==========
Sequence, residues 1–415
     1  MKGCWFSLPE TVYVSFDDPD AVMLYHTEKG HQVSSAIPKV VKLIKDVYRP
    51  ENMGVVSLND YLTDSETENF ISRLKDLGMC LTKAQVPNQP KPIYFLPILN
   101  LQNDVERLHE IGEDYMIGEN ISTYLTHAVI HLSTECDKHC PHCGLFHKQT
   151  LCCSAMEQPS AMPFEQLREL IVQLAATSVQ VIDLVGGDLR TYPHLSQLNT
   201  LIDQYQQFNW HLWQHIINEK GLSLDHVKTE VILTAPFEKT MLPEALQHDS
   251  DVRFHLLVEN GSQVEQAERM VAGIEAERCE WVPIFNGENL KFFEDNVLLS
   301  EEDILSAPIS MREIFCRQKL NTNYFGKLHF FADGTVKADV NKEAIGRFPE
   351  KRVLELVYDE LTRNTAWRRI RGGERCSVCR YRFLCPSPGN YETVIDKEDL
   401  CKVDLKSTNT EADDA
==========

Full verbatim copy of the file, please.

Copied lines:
Sequence, residues 1–415
     1  MKGCWFSLPE TVYVSFDDPD AVMLYHTEKG HQVSSAIPKV VKLIKDVYRP
    51  ENMGVVSLND YLTDSETENF ISRLKDLGMC LTKAQVPNQP KPIYFLPILN
   101  LQNDVERLHE IGEDYMIGEN ISTYLTHAVI HLSTECDKHC PHCGLFHKQT
   151  LCCSAMEQPS AMPFEQLREL IVQLAATSVQ VIDLVGGDLR TYPHLSQLNT
   201  LIDQYQQFNW HLWQHIINEK GLSLDHVKTE VILTAPFEKT MLPEALQHDS
   251  DVRFHLLVEN GSQVEQAERM VAGIEAERCE WVPIFNGENL KFFEDNVLLS
   301  EEDILSAPIS MREIFCRQKL NTNYFGKLHF FADGTVKADV NKEAIGRFPE
   351  KRVLELVYDE LTRNTAWRRI RGGERCSVCR YRFLCPSPGN YETVIDKEDL
   401  CKVDLKSTNT EADDA